The key to this move is to keep the elbows stationary as you push the weight down. If you lift the bar too high (say, higher than neck level), your elbows may come forward, making the exercise less effective.

How to:

  1. Stand in front of a cable machine, holding onto the bar with the elbows bent to about 90 degrees.
  2. Keeping the elbows stationary, push the bar down, contracting the triceps as you extend the arms.
  3. Bring the bar back up to about chest level without moving the elbows and repeat for 1-3 sets of 8-16 reps.

7
Lying Barbell Triceps Extensions (Skull Crushers)

Paige Waehner

Barbell triceps extensions (or what we often call skull crushers for obvious reasons), come in at a surprising number seven, eliciting about 62% of muscle activation. This is surprising because, if you've ever done these, you know how challenging this exercise is.

That doesn't mean you shouldn't do these anymore, but work them into a program that includes some of the top exercises as well.

How to:

  1. Lie on a bench, step or floor and hold the barbell with hands about shoulder-distance apart.
  2. Begin the exercise by extending the weight up over the head, palms facing out and thumbs next to the fingers.
  3. Bend the elbows and lower the weight until the elbows are at about 90-degree angles. This would be the part where you wouldn't want to crush your skull by going too low.
  4. Squeeze the triceps to straighten the arms without locking the joints.
  5. Repeat for 1-3 sets of 8-16 reps.

8
Close Grip Bench Press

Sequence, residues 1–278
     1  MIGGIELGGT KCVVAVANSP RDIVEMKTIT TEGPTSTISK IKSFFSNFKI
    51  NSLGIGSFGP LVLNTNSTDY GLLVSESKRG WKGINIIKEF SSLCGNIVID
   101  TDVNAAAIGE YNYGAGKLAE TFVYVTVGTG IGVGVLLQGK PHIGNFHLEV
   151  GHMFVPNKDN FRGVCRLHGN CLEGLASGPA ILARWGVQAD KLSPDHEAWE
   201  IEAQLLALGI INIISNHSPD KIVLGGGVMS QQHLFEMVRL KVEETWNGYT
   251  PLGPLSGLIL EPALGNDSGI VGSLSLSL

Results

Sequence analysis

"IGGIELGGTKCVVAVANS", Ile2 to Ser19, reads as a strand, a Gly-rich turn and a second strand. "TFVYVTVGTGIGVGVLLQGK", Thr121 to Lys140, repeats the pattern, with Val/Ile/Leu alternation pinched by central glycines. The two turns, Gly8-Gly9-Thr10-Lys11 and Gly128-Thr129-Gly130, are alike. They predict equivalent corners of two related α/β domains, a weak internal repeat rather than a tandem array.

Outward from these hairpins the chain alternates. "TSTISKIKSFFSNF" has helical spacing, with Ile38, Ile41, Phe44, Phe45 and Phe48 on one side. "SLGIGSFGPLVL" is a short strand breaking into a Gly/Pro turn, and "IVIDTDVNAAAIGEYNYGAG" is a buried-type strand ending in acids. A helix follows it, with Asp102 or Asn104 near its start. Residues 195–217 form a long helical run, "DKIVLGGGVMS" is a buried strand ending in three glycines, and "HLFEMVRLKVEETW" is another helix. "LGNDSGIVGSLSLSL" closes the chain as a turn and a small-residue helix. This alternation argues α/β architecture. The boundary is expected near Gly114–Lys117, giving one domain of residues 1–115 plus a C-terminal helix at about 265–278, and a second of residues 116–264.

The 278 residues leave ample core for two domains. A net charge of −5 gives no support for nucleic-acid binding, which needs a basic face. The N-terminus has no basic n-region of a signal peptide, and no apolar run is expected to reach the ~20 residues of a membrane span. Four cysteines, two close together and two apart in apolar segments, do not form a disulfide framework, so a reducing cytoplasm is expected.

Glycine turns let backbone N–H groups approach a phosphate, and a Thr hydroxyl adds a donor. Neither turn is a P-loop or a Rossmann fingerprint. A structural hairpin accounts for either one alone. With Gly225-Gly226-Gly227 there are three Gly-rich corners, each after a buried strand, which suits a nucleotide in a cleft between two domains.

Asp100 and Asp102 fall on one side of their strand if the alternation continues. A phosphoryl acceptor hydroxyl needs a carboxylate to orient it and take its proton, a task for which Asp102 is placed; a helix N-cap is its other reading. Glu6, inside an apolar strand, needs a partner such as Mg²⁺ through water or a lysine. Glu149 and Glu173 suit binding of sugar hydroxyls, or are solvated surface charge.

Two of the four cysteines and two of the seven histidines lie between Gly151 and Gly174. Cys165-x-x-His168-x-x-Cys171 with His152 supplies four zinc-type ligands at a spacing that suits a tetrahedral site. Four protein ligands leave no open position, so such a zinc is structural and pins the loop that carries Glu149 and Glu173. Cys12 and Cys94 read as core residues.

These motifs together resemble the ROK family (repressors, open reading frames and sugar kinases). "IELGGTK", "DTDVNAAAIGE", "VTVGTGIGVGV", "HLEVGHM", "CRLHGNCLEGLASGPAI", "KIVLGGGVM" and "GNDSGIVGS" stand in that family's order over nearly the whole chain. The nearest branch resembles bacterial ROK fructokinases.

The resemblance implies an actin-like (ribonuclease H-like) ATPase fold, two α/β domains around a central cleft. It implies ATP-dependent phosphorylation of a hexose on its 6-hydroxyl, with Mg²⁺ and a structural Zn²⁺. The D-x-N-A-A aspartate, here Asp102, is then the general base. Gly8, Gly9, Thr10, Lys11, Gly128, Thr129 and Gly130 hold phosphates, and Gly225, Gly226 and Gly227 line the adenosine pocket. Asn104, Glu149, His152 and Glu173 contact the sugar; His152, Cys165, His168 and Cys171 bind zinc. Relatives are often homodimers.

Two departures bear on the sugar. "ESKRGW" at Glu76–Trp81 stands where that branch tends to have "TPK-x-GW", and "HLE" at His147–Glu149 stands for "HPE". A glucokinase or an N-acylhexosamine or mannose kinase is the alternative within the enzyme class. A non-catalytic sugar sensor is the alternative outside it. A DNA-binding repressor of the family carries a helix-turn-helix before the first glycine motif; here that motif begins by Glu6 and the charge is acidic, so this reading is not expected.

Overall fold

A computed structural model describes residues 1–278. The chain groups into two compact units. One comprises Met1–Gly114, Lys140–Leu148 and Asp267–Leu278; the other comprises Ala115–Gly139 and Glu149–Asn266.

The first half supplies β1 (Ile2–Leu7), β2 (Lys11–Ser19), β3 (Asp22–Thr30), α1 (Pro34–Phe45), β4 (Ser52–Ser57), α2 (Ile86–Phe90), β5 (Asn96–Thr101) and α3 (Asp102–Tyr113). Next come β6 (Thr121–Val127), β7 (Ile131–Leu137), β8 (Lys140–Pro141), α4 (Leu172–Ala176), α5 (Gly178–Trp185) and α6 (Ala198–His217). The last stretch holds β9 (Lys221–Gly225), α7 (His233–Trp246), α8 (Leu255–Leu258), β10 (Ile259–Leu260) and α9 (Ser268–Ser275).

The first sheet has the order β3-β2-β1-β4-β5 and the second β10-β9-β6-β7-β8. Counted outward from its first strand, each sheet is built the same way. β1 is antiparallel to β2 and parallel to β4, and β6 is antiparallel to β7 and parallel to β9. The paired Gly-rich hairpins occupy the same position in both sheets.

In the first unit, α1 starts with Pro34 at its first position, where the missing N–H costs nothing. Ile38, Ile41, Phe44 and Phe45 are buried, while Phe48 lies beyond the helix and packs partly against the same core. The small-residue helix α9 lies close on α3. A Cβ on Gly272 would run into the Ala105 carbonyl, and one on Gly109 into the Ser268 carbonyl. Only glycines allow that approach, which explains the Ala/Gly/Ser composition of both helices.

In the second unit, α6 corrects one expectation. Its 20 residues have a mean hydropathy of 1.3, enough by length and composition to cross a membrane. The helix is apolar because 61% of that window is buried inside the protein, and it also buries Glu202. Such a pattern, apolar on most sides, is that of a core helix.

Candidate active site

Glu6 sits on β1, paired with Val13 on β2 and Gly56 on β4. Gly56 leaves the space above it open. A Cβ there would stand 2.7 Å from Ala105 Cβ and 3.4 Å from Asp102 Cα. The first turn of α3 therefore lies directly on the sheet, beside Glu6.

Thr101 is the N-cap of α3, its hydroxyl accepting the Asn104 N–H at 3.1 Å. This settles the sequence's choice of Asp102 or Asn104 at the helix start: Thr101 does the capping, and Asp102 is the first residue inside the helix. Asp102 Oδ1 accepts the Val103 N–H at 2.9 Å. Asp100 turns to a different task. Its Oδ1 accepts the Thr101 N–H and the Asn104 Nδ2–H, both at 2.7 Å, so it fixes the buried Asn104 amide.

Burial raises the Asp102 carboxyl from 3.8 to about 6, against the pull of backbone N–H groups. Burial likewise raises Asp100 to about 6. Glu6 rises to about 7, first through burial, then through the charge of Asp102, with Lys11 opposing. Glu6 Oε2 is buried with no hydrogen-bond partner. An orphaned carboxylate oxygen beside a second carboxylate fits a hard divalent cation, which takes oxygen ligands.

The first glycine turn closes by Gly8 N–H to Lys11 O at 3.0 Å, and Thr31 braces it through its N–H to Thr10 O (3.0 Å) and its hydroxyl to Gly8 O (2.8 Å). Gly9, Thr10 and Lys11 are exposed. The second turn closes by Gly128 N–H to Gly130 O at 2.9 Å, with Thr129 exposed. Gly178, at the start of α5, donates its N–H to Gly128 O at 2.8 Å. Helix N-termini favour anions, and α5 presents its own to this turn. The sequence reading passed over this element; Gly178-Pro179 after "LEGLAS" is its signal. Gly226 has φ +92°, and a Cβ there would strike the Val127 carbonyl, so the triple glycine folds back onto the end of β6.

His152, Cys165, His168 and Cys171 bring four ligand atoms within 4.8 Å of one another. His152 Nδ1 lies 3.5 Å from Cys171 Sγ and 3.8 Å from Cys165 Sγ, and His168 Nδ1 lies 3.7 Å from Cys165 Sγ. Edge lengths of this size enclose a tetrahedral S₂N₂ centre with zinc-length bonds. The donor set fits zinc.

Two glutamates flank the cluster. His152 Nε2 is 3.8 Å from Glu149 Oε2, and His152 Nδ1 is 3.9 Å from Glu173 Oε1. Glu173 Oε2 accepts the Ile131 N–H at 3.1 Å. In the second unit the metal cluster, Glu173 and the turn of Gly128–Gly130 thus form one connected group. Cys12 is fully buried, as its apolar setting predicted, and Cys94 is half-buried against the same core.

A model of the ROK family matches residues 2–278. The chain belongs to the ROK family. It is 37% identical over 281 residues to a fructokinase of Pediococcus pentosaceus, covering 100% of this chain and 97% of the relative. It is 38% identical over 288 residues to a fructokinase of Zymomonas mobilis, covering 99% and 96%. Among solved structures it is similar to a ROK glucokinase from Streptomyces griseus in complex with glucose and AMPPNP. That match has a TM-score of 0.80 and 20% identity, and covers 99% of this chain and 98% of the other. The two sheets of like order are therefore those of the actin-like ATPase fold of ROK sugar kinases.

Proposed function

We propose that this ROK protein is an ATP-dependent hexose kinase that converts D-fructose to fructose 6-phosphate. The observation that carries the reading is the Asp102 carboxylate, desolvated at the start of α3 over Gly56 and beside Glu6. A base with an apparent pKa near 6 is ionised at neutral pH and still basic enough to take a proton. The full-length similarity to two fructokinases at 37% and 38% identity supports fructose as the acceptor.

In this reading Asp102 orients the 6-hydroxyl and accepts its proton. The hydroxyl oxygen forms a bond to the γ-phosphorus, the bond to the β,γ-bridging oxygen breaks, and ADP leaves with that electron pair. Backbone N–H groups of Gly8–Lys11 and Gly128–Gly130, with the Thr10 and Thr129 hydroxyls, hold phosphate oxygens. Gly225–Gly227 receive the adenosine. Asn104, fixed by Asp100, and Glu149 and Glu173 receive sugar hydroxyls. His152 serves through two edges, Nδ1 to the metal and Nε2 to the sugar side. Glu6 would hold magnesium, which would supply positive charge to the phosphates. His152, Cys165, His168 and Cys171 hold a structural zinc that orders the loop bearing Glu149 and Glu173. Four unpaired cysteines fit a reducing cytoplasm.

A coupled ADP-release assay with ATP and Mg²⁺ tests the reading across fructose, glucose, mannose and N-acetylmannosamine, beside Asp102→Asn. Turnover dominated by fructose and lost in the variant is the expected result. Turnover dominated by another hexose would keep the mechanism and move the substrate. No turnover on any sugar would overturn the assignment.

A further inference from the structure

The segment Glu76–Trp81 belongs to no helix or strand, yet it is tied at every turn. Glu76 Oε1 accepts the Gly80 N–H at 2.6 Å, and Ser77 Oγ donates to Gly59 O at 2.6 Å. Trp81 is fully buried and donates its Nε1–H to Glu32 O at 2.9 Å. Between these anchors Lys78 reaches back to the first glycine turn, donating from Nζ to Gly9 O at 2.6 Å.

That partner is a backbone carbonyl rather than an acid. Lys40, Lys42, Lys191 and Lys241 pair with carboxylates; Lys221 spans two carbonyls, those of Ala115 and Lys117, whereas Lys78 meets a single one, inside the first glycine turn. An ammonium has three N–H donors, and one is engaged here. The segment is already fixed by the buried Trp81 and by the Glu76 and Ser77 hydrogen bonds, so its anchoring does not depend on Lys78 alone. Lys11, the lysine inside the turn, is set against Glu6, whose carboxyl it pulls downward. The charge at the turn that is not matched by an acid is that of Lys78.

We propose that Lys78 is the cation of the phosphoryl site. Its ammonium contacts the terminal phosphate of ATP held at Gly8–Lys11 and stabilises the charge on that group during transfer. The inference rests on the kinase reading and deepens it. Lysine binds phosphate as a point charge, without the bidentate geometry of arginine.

Paige Waehner

The close grip bench press comes in 8th as an effective triceps exercise, eliciting about 62% of muscle activation. This move also involves quite a bit of chest, which may be why the triceps don't work as much as in other exercises.

That doesn't mean you shouldn't do this exercise. In fact, this can be a great exercise if you're working both the chest and triceps in the same workout. Doing this move at the end of your chest exercises can warm up the triceps before you move on to more targeted moves.

How to:

  1. Lie on a bench or step holding a barbell with hands about shoulder-width apart.
  2. Begin the exercise with the elbows bent and the barbell hovering just over the ribcage.
  3. Press the weight straight up over the ribcage, focusing on contracting the triceps.
  4. Lower and repeat for 1-3 sets of 8-16 reps.

Source

Boehler B, Porcari J, Kline D, et al. ACE-sponsored Research: Best Triceps Exercises. The American Council on Exercise Certified News, August 2011.

Continue Reading